As it has in many other countries, piracy has been of great detriment to Thailand’s music industry. According to GMM Grammy, the sales of the conglomerate’s products have decreased drastically, although the live music scene has actually boosted in recent times. This is thought to be because of the increase in use of digital and social media technology for music access – artists’ names are being thrown out there more often across platforms which leads to a higher level of recognition.

This is interesting to note in terms of comparison to the state of the music industry in Australia. For instance, the piracy epidemic is actually decreasing here. Music streaming apps such as Spotify are allowing users to have instant access to any music they like, which was the previous lure of illegal downloading – although the app comes at a price, which users don’t seem to have a problem with.

Being a regular Spotify user myself, I can definitely identify with the attraction that the app exhibits. I love having access to any artists or songs that I like, at any time and across devices (for instance, I have Spotify installed on my iPhone, iPad and Macbook).

This is definitely a difference between music in Thailand in Australia. I am yet to find an app or program that is equal to Spotify in Thailand – i.e., that provides its users’ with music instantly, legally, and for a small fee. It would be interesting to investigate this further to discover whether there have been any attempts for one to be launched, that have either failed or not become popular.

I just love music, okay?!

After discussing with my Digital Asia class this week about the actual aims of our own investigation into different aspects of Asian culture in a digital sense being to investigate from an autoethnographic level, I found that I needed to restructure the way in which I have been going about and recording my research as a whole.

This week I have thoroughly researched what it means to be successful in the practice of autoethnography, and I established an appropriate definition by my understanding – ‘the way that an author studies and in turn discusses a certain culture’s relational practices, values, beliefs and shared experiences to assist outsiders better understand the culture, while relating this back to the author’s own past opinions, stereotypes and experiences’.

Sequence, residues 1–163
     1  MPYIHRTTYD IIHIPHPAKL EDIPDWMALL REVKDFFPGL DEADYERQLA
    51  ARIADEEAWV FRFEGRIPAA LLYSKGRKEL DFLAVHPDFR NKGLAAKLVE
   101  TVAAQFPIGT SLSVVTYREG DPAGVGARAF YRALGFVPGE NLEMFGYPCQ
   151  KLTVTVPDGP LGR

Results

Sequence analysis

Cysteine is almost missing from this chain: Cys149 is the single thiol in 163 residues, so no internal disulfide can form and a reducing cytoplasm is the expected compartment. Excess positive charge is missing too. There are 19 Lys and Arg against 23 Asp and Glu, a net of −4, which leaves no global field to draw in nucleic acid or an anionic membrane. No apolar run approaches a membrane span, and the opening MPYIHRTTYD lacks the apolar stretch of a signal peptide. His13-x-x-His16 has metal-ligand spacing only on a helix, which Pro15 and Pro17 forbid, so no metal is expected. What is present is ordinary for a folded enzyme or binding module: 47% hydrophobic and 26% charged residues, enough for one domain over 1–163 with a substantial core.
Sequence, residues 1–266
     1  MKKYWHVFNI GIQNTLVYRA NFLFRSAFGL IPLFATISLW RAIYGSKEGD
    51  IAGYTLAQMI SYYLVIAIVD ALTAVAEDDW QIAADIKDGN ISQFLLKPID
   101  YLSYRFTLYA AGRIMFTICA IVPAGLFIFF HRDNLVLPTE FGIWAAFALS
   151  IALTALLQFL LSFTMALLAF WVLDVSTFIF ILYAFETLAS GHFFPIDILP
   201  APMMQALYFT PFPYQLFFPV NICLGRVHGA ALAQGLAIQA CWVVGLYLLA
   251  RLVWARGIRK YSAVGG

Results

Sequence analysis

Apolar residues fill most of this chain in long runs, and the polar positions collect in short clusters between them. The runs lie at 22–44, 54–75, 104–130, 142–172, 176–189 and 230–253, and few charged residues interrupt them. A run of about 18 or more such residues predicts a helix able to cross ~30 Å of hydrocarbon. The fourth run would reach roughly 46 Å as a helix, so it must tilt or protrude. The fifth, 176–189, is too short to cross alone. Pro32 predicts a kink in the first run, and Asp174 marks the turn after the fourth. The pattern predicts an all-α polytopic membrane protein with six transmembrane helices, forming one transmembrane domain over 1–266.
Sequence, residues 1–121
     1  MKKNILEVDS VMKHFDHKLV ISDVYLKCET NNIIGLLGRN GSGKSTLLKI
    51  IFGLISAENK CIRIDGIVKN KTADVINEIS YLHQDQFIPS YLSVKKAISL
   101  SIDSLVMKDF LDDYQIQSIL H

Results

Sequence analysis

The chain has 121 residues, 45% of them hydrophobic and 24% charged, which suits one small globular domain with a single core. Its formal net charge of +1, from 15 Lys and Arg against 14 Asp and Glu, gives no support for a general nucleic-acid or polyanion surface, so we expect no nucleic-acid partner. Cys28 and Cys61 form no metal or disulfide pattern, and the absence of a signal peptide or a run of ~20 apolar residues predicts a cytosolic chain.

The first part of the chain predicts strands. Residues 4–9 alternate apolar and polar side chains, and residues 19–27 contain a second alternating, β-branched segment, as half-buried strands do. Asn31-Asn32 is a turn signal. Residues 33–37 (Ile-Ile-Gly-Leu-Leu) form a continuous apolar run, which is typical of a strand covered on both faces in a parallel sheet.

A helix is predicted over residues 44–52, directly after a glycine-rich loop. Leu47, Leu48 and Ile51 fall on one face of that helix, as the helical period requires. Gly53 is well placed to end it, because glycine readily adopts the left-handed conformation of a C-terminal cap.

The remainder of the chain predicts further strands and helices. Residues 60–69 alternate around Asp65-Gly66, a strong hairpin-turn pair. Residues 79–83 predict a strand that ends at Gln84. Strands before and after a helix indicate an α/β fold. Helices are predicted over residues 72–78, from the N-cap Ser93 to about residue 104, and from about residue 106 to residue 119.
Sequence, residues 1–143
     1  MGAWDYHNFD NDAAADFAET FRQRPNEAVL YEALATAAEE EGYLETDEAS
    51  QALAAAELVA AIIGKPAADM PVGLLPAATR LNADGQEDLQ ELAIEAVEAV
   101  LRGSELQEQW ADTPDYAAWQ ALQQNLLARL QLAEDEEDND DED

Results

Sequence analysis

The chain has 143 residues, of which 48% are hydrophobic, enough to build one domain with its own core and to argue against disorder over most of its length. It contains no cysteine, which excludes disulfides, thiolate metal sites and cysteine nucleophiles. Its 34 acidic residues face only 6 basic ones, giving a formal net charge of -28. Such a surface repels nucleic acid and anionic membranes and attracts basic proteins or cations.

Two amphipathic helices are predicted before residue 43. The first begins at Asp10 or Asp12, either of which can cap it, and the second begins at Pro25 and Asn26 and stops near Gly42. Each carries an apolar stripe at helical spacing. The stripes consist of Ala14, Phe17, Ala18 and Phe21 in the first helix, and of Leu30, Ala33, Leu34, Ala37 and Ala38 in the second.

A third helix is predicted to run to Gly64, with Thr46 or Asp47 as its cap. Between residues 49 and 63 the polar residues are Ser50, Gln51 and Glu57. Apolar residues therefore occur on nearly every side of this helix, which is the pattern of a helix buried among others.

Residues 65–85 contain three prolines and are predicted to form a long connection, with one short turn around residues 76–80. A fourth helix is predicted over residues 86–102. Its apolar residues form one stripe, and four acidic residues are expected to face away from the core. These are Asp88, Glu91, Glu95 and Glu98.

I primarily decided on this definition through Carolyn Ellis’ (et. al) article ‘Autoethnography: an Overview’ from 2011.

In terms of my research topic, the alternative music genre in Thailand, and different artists’ experience with various social media platforms, this autoethnographic perspective will be entirely relevant, due to the high interest I personally have into alternative music.

Ever since I can remember, I have had an immense interest in music, along with my entire family. I am a fan of almost any genre under the alternative umbrella – indie pop, garage rock, heavy metal, hardcore, punk – with my favourite at the moment being Australian stoner pop (it seems that this is an official thing now – Dune Rats anyone?).

In addition to this, I have a high interest in the way that the music industry works, not only here in Australia but around the world.

It’s also fascinating to discover how different countries interact with one another in terms of their own industries.

For the remainder of my research, I aim to look into the social media practices of artists from Thailand, while also contrasting the actual music content with that of Australian artists who may be similar. It will be interesting to find similar artists, and discuss my experience of the two – do I like one more than the other? Why might this be?

After finally fully understanding the basis behind autoethnography as a research methodology, I think I will be able to reach the full potential that comes with my research topic!

Research Project finally decided – Alternative Thai music scene

This week, I have finally decided on the final topic for my digital research project for DIGC330. Yes, I know this took me a while to hone in but I felt as if I didn’t have a certain direction – until now.

I have decided to look into the alternative music scene in Thailand, with a focus on particular artists’ social media practices. It will be interesting to discover which artists favor which platforms, and to delve into why these choices may have been made by some.

To do this, I will be finding examples of artists from Thailand that embody the alternative music genre – but not until I define what can be considered alternative! I chose to specifically focus on music from Thailand due to the sheer number of musicians that hail from there – it’s actually quite surprising to discover how big the indie music scene is in their country.

I think this definition is necessary if you want to find appropriate artists and delve into what makes them ‘alternative’ rather than ‘mainstream’. It will also be interesting to find out why these two ends of the spectrum are so different.

This video helped to introduce me to the different kinds of bands that I will be dealing with when researching alternative Thai music. To give a more personal feel to the project

I have chosen to listen to a few different bands in depth and find out which ones I like the most, and try to discover why this could be.

Being a big fan of mainly Australian alternative music myself, I feel as though this could be a very interesting comparison to make – between Thai and local Australian bands.

Through this research, my digital artifact will soon begin to take form. I am planning on making an annotated playlist using music-streaming platform SoundCloud of a variety of different alternative Thai bands, including ones that I did like and also was not really a fan of.

I will include commentary on each track, discussing the make-up of each song, and why this has affected my research.

Although it did take me a little longer than expected to settle on a final research topic, I am happy with the direction in which my project is headed, and can’t wait for you all to see the final result!